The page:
In the 1970s, Viennese master-printer Alexander Heinrici played an integral role in Warhol’s personal golden age. Heinrici pursued formal education in digital design, photography, and print in Vienna, followed by an apprenticeship in Zurich. Following this experience, he returned to Vienna to contribute his expertise to his family’s printing company. By the time he met Warhol in the United States, Heinrici had opened two studios, forged a reputation, and had a roster of European and American clientele. In fact, Andy came to him.
It was in 1972 that Heinrici acquired Aetna Silkscreen Products, which Warhol had used previously to print the likes of his iconic Marilyn Monroe, Flowers, and Flash. Heinrici’s seamless printing style was what attracted his client base, but Warhol’s unbridled nature pressed Heinrici to create imperfections to better capture the essence of his own signature style. This became a distinctly “Warholian” approach, transforming even errors into artistic statements that echoed Warhol’s embrace of the unconventional.
Warhol’s signature themes of commodified products and identities were saturated with a more visceral layer of satire with Heinrici, who helped the artist coat his commentary with the colors of flavor-filled Fun-Dip Sugar. Together, Heinrici and Warhol collaborated on famous works like the Bubblegum Pop-esque Cows and grungy Jagger, which heightened the Pop style to new realms of color and commercial allure. Heinrici also printed Warhol’s Hand-Colored Flowers as well as the black and white version of the same series. Their projects reflect the fusion of reality and augmented reality in contemporary culture, just as filters augment our social media posts, a testament to the ever-increasing interplay between tech and art.
Heinrici and Warhol also collaborated on the controversial, but beautiful Ladies and Gentlemen series, which depicts 14 black and Latin X trans women and drag queens of the New York scene, including Marsha P. Johnson, a staunch leader of the fight for LGBTQ+ liberation. Heinrici’s role extended beyond his collaboration with Warhol, as he and his printing press became a visionary ferry to success for luminaries such as Robert Indiana, Willem de Kooning, and Roy Lichtenstein. With his company Fine Art Printing, Ltd., Heinrici now continues to perpetuate the spirit of his exceptional legacy as an artist and conductor of dreams, the fruits of which will live forever.
Perhaps Andy Warhol’s foremost collaborator was Rupert Jasen Smith. When he met Warhol in 1974, Smith already had education and experience in the art and printing domain. Smith joined Warhol’s team in 1977, quickly proving himself an Apollo of pigments and the printing press. He seamlessly integrated his craft with Andy Warhol’s vivid visions and helped produce a groundbreaking strain of Pop art that redefined the perception of imagery in the digitized age.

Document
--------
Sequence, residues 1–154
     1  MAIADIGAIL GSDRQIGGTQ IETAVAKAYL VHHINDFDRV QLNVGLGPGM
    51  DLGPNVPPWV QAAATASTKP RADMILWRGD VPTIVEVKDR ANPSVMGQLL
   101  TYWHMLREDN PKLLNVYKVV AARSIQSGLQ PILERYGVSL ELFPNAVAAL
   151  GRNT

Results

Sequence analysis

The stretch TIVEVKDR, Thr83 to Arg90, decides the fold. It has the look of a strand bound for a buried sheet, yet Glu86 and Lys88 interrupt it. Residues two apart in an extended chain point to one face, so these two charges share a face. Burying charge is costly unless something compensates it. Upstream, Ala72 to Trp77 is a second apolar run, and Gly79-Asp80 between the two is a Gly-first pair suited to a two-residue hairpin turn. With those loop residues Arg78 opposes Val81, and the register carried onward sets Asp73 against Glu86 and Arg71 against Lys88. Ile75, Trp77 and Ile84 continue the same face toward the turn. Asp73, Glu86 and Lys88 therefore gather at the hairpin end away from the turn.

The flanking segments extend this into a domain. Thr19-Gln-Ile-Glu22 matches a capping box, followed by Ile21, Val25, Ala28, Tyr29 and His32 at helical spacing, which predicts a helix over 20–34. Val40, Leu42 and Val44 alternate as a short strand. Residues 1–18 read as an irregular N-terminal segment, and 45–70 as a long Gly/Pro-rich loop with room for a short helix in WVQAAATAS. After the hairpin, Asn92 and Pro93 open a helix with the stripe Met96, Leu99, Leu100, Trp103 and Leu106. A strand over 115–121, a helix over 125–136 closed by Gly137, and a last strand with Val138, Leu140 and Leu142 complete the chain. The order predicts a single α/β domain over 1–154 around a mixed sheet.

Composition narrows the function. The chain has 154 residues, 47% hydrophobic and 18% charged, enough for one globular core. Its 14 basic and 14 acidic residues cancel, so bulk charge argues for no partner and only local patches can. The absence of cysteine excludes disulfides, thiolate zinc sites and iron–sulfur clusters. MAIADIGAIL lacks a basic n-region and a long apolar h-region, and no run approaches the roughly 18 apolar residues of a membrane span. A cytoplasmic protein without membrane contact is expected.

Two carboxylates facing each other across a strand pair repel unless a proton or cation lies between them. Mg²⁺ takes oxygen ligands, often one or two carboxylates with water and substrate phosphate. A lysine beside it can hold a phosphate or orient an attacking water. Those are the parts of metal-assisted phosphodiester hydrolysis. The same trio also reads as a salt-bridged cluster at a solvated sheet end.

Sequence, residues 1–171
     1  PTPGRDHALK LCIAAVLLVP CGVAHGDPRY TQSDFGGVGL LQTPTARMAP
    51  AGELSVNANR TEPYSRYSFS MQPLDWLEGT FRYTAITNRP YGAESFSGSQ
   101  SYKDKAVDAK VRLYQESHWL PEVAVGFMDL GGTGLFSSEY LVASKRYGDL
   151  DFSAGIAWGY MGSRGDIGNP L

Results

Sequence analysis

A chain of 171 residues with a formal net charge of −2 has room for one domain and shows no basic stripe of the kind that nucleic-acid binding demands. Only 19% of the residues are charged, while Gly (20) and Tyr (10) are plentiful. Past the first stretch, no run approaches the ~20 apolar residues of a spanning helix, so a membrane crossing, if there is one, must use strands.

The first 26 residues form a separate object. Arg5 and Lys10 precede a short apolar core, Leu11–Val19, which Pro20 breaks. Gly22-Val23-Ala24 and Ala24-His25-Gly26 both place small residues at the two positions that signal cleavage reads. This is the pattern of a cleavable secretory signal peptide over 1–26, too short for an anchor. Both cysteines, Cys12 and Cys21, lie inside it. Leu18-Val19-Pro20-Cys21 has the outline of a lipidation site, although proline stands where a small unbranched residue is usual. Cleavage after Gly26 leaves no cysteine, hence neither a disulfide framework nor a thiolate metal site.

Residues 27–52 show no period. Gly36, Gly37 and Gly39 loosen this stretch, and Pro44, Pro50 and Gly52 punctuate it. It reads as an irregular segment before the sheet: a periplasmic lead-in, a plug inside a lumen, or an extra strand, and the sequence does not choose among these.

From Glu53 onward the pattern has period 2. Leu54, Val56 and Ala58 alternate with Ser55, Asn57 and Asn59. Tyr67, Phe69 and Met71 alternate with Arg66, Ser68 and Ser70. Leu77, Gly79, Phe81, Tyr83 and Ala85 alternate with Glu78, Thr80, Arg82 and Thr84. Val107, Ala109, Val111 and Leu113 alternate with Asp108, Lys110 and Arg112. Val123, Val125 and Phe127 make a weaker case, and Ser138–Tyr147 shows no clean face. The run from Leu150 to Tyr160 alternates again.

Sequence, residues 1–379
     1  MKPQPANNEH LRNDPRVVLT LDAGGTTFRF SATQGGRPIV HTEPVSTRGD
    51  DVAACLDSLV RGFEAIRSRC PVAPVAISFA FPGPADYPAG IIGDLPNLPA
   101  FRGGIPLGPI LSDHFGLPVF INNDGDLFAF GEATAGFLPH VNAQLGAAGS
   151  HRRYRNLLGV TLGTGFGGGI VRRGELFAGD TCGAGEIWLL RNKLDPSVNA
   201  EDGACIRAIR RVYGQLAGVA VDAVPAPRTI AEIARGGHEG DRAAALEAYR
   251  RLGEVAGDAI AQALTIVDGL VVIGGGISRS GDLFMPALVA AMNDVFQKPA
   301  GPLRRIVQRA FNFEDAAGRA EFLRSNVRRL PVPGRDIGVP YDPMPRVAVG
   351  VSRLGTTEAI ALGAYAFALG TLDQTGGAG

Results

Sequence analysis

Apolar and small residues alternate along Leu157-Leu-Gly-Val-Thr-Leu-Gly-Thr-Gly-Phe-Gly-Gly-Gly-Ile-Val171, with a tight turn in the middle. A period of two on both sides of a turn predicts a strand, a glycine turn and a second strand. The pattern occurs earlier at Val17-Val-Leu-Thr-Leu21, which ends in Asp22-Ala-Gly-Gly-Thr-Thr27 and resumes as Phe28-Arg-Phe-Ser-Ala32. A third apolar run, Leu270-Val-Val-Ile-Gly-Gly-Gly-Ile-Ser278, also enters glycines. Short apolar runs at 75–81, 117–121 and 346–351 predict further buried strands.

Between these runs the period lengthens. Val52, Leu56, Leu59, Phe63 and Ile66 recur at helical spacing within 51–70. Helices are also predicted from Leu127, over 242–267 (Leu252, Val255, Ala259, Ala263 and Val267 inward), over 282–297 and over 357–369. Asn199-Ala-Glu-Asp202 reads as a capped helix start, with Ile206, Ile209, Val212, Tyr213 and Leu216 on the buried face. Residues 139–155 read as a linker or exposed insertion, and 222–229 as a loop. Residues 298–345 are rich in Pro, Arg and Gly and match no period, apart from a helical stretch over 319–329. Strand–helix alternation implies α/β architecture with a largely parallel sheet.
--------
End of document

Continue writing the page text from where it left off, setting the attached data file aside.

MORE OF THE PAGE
By this time, Warhol’s production methods were putting meaning to the Silver Dream Factory’s moniker, with the artist having mastered the mimicry of the manufacturing model dominating a huge portion of the American population’s wishlists and wallets. Warhol and Smith’s partnership, which would last until Warhol’s sudden death in 1987, brought burgeoning success. This was particularly so in the 80s, when portraits commissioned from Warhol were selling faster than Campbell’s Soup Cans before a storm.
Smith and Warhol brought us the eccentric Space Fruit (1979), Camouflage (1986), which transformed the conventional idea of the military print to trendy, and other iconic portfolios including Diamond Dust Shoes (1980), Myths (1981), Endangered Species (1983), and Ads (1985). In all of their works together, it is glaringly evident that Smith inherently understood the essence of Warholian glamor, the allure of celebrity, and the rapidly shifting zeitgeist and consumerism’s place in it all. It was Smith who suggested Warhol begin to use “diamond dust” to crust some of his works. Smith’s fusion of technique and creativity not only added literal, monetary value to Warhol’s concepts, but also expanded his artistic reach. Outside of The Factory, Smith held his own as a multimedia and print artist, forging a dynamic and mutually inspiring relationship between his pursuits. His perfectly “Pop” pieces like Greta Garbo (1988) and of course, Homage to Andy Warhol (1989) will be remembered in their own right. Still, Rupert Jasen Smith’s contributions to Andy Warhol’s body of work shine particularly bright like the glimmering shards encrusting their Diamond Dust Shoes.
Andy Warhol’s collaboration with his printers reminds us that creativity knows no bounds, and innovation thrives in the company of kindred spirits. Warhol’s collaborations spanned years, paralleling the perpetuity of trends cycling through our own contemporary culture. As Warhol’s canvas danced with Pop Art products, portraits, and pigments, Heinrici, Smith, and Malanga assumed their roles as guiding hands, sculpting the contours of a legacy that now resonates as the modern art Renaissance.